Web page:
Kolkata is one of the largest megacities in the world. The population of this seething metropolitan region, the capital of the Indian state of West Bengal, exceeds 15 million. Faced with an infrastructure that is complex and diffuse to say the least, many people who live here have lost faith in the authorities and so here, as in other Indian states, a new profession that nonetheless has a long history has now come to the fore, namely that of the private detective.
For their documentary, the filmmakers spent two years following closely on the heels of one such private investigator: Rajesh Ji heads up a small team that is active throughout the country. An enthusiastic dancer in spite of his extra pounds, Rajesh Ji has never given up his secret dream of a career in dance. Indian song-and-dance music is writ large in his everyday life – and so too in this film during the course of which, Rajesh Ji has three cases to solve. The first involves the forging of coins, which is Asia’s fastest-growing offence; the second is a case of adultery and domestic violence and the third concerns the murder of three people – one of the most brutal that Kolkata has ever seen. During the course of their investigations the detectives come into contact with people from all walks of life and castes – from businesspeople, to craftspeople living in the slums, to wealthy wives.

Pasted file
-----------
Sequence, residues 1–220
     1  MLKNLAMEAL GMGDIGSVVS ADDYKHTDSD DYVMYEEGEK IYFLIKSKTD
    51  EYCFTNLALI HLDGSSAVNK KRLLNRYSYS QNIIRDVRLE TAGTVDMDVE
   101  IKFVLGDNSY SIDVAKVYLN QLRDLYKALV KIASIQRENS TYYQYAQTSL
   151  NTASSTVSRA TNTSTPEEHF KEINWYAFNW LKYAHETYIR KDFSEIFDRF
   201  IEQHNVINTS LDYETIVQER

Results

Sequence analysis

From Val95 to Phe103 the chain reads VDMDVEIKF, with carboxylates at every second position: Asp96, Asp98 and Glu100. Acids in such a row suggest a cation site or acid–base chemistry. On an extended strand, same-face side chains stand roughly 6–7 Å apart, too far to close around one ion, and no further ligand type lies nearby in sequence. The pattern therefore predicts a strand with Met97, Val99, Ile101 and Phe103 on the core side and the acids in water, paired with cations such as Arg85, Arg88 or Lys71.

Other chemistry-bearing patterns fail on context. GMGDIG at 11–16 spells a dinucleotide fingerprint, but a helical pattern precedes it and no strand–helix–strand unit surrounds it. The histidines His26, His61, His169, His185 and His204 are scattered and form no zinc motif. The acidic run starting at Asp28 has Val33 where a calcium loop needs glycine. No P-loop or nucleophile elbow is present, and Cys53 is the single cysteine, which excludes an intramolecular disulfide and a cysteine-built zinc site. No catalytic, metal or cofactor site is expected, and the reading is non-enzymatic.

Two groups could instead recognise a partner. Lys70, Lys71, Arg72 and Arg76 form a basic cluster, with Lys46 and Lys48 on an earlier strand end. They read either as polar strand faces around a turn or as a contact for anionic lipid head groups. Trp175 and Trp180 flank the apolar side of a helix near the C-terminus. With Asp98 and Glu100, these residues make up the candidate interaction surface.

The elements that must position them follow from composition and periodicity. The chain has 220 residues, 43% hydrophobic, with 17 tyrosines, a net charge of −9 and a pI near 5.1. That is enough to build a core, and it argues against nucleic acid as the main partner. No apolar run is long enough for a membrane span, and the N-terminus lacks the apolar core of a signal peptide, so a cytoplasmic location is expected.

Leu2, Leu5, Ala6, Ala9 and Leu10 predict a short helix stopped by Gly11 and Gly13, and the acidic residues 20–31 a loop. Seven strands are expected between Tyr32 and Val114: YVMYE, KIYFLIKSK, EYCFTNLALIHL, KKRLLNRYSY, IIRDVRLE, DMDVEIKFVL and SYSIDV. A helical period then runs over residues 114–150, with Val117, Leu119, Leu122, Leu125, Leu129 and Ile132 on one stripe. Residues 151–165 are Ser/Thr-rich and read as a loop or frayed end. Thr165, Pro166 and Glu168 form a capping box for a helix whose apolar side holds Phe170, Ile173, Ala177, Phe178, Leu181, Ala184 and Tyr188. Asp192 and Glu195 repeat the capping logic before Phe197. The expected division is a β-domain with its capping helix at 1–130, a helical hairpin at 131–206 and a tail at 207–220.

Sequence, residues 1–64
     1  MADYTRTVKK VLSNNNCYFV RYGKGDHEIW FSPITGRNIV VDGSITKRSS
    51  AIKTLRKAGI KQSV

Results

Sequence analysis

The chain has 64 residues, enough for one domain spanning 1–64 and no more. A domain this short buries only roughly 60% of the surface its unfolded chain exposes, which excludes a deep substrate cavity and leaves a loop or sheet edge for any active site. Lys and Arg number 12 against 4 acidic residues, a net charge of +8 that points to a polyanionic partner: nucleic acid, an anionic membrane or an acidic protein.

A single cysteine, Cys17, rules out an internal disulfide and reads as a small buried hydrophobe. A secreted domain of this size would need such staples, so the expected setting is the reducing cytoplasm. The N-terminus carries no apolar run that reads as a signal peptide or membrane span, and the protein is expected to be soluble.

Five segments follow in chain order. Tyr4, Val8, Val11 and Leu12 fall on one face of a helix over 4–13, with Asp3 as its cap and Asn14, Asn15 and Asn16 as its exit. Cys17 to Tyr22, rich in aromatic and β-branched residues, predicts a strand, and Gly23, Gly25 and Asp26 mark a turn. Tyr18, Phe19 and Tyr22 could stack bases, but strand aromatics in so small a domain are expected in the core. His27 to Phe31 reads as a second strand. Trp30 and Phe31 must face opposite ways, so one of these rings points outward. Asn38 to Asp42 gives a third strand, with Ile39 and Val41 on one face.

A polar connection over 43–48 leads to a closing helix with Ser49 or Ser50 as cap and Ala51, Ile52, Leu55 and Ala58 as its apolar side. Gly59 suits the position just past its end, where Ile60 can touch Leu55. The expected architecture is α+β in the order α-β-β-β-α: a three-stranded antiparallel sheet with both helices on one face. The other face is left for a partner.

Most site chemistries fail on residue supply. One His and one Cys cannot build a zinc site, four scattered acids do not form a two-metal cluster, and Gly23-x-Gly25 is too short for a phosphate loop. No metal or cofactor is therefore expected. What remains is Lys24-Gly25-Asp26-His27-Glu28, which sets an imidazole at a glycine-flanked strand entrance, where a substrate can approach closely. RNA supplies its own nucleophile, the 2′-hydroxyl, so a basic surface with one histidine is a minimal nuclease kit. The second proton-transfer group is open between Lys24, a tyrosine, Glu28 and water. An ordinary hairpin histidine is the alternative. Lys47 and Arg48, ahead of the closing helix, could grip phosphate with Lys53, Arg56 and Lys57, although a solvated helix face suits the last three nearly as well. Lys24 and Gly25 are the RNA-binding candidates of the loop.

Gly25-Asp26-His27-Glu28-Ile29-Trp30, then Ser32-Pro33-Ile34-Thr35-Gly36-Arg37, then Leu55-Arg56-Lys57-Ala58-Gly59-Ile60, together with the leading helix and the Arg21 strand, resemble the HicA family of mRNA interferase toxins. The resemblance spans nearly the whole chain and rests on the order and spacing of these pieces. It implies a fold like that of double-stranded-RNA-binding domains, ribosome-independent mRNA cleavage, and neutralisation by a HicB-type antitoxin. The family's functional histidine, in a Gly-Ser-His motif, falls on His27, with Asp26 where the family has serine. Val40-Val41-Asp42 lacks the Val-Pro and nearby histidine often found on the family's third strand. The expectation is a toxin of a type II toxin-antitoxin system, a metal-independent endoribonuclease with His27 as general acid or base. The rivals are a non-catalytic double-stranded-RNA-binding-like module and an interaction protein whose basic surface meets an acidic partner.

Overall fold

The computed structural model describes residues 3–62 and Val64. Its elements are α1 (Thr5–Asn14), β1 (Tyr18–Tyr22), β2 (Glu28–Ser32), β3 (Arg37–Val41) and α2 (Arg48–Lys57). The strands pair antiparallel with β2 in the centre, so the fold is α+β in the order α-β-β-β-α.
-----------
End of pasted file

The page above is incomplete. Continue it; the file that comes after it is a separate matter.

Rajesh and his colleagues like to let off steam by dancing. They meet regularly once a week to rehearse for a television talent show. One day the phone does indeed ring: they have been selected to take part in a dance competition.